So how do you help ensure your plan remains compliant with these nondiscrimination tests? Here’s where a safe Harbor 401(k) can assist you in avoiding the uncertainty surrounding annual testing.

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How do Safe Harbor 401(k)s work, and what are their benefits?

Safe Harbor plans require companies to contribute to their employees’ 401(k) accounts. But in exchange, these plans get safe harbor and automatically satisfy some IRS non-discrimination tests — which can mean fewer headaches for small business owners and more savings for everyone.

Safe Harbor plans require that you contribute to your employees’ 401(k) accounts through one of the following:

  • An employer match
  • A non-elective contribution

The employer match is typically a 4, 5, or 6% employer match. The non-elective contribution is typically a 3% flat contribution to all eligible employees, regardless of how much they’re contributing to their accounts. Safe Harbor employer contributions typically must be 100% vested, immediately.

Safe Harbor plans require companies to contribute to their employees’ 401(k) accounts. But in exchange, these plans get safe harbor and automatically satisfy some IRS non-discrimination tests.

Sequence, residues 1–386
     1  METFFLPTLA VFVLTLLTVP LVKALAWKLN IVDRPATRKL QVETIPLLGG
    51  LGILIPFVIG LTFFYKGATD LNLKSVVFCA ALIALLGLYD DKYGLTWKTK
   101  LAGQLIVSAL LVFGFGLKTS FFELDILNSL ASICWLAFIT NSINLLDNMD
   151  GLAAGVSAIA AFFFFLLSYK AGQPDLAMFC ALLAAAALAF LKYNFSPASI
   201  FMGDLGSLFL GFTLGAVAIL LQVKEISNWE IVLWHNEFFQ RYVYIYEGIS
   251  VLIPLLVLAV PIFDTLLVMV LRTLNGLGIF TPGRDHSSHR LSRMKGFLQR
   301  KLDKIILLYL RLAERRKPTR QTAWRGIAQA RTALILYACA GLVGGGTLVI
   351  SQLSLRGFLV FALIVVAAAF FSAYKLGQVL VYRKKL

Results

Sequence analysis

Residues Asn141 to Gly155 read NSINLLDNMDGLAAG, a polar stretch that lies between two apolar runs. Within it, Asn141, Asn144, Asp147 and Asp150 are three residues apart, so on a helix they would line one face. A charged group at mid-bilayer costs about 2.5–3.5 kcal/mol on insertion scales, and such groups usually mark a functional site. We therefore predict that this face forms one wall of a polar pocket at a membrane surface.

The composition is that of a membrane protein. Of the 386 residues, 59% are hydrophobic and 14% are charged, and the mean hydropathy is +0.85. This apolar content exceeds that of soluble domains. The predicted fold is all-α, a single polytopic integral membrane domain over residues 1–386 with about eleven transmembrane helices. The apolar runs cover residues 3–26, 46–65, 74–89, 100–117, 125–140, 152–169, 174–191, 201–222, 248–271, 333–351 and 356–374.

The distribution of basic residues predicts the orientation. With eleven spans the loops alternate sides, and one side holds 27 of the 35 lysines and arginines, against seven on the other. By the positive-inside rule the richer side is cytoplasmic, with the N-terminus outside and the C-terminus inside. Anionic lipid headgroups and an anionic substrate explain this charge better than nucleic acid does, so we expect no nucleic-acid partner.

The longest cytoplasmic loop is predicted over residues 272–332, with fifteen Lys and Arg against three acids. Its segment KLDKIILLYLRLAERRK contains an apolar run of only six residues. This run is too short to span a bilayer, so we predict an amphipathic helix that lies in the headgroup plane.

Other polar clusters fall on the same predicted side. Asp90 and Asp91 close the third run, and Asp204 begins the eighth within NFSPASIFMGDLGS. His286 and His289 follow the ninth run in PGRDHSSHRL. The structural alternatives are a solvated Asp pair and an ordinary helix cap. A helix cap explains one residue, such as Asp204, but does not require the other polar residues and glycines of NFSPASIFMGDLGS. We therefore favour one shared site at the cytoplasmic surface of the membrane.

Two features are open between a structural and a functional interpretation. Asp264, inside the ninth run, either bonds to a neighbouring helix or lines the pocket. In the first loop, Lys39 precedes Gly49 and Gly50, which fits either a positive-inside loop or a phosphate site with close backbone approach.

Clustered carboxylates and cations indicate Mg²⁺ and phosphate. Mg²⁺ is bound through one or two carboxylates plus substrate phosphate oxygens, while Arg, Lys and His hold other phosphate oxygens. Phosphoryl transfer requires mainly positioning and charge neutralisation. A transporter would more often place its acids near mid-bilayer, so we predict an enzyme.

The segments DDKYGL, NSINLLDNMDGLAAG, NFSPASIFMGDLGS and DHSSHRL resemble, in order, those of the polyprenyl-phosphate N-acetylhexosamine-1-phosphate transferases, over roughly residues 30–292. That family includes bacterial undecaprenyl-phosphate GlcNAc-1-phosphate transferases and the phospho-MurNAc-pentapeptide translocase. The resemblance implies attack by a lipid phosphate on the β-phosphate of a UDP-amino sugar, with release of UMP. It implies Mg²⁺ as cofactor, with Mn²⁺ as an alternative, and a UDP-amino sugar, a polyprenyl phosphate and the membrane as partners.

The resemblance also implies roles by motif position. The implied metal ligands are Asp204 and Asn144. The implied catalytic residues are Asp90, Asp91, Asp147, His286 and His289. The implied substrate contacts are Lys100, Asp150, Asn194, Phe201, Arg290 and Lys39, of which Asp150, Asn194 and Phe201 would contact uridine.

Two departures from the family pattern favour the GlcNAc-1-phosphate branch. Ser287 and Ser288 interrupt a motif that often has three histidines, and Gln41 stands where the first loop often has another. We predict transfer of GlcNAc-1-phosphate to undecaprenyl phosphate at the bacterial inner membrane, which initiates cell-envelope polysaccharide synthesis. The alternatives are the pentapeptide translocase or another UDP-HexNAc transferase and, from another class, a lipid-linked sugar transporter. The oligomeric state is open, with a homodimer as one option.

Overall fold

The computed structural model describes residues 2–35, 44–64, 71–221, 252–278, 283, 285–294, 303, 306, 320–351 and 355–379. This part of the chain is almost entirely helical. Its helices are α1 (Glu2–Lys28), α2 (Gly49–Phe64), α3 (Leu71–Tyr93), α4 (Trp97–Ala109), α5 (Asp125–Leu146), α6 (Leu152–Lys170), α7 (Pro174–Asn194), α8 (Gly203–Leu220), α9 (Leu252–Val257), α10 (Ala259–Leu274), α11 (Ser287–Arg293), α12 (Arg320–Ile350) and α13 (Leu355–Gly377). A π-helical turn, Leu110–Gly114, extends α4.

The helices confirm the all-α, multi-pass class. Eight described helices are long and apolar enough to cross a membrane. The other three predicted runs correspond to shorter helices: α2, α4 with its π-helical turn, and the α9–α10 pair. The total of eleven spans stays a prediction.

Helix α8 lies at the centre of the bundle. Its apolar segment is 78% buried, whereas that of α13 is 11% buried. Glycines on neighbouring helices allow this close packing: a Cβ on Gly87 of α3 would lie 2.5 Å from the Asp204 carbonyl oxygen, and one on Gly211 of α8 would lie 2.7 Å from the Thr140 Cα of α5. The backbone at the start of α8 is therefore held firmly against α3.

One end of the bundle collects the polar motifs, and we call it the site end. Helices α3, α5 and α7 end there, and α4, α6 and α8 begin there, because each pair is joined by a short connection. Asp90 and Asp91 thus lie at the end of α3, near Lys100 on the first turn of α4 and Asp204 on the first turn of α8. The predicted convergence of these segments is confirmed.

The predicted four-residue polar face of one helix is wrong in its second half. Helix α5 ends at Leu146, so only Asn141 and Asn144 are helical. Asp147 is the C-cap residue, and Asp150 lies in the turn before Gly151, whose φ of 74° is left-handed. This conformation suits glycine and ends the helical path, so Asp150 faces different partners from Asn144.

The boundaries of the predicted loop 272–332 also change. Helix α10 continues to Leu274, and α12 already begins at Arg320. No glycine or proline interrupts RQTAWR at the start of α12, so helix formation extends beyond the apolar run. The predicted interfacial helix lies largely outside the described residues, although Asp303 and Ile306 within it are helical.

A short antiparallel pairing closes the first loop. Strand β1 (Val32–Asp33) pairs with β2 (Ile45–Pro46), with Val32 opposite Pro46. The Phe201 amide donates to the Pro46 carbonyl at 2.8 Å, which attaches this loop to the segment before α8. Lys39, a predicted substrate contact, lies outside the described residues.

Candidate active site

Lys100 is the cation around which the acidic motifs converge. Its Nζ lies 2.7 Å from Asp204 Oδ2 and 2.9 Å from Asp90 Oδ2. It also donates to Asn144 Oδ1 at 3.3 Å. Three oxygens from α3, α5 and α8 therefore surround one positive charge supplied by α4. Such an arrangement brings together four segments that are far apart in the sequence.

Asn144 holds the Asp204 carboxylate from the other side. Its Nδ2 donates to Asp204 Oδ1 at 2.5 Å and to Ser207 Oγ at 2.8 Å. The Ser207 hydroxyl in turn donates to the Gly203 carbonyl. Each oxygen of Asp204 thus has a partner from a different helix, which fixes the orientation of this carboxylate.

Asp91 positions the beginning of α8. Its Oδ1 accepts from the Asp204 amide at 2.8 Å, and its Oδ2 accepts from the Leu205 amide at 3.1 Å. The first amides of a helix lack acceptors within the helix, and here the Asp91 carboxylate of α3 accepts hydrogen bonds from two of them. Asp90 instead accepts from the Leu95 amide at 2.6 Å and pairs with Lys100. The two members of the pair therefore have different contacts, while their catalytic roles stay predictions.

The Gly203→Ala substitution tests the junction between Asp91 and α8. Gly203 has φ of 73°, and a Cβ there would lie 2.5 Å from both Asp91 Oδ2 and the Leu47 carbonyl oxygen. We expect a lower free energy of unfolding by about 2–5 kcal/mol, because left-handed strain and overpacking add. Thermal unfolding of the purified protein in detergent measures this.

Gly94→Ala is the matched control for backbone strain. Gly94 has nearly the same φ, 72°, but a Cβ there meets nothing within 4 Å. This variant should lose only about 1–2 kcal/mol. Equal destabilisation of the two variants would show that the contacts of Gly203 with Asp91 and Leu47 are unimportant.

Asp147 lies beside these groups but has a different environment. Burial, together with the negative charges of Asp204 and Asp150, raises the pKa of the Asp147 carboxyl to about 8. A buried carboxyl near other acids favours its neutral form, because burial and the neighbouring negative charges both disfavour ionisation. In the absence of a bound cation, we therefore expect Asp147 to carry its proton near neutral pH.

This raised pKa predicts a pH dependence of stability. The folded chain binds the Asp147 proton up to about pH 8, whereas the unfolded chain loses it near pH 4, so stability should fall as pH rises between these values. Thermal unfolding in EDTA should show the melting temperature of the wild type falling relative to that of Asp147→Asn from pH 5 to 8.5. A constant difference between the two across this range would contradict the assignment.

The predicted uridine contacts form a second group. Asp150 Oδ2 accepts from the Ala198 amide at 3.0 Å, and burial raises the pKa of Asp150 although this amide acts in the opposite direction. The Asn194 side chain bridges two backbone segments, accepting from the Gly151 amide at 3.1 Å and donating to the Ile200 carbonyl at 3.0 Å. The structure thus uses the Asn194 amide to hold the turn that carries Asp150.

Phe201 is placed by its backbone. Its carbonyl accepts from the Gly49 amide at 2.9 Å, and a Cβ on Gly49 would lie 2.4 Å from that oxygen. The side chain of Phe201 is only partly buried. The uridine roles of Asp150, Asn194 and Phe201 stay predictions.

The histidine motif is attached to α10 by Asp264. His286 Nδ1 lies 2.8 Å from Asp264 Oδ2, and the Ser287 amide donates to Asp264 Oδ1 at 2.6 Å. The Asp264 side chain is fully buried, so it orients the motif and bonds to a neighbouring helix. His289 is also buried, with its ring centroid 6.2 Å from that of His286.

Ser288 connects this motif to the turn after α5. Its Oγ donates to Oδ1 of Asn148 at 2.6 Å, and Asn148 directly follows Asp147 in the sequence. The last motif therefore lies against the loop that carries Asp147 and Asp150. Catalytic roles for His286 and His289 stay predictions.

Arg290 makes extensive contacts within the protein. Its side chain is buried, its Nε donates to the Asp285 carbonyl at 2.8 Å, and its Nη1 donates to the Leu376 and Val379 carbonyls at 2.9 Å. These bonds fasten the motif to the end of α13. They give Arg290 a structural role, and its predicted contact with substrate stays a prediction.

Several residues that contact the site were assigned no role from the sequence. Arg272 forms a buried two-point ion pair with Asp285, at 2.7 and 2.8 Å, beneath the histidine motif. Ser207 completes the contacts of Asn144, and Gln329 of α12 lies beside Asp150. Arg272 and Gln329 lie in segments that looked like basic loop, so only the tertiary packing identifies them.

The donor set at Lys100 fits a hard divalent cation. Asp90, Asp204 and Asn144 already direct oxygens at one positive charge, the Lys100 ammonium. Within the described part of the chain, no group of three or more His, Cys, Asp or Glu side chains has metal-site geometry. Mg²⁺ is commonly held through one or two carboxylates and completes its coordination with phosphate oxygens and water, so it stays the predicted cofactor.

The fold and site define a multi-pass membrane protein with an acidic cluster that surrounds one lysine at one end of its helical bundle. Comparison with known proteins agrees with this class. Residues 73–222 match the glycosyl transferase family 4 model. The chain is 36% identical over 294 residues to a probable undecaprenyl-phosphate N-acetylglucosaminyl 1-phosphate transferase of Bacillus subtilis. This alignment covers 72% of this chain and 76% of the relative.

2022 deadline

If you want to set up a new Safe Harbor plan with a 2022 start date, consider these important dates.

1. New Safe Harbor 401(k) plans

  • By September 1, 2022: If you’ve set up a Safe Harbor plan, send a 30-day notice to employees by this date (this is only required if you’re making a matching contribution).
  • October 1, 2022: Safe Harbor 401(k) plan is effective and most nondiscrimination testing will be deemed passed for 2022.

2. Safe Harbor Match plans

With the Safe Harbor match, eligible employees must receive notice 30 days before the plan starts, and initial coordination can take a few days. So, if you’re considering a Safe Harbor plan, time is of the essence.

Key dates:

  • By or before November 18, 2022: Request the addition of a Safe Harbor provision to your 401(k) plan for the following year.
  • December 1, 2022: You must send 30-day notices to employees.
  • January 1, 2023: Safe Harbor provision takes effect for 2023.

A Safe Harbor 401(k) plan can help you get your retirement savings program up and running quickly — and help your team save even more for their future. To find out more information about Safe Harbor 401(k) plans, check out Guideline or schedule a free call with a retirement specialist.

Disclosure: The information provided herein is general in nature and is for informational purposes only. It should not be used as a substitute for specific tax, legal and/or financial advice that considers all relevant facts and circumstances. You are advised to consult a qualified financial adviser or tax professional before relying on the information provided by our partner.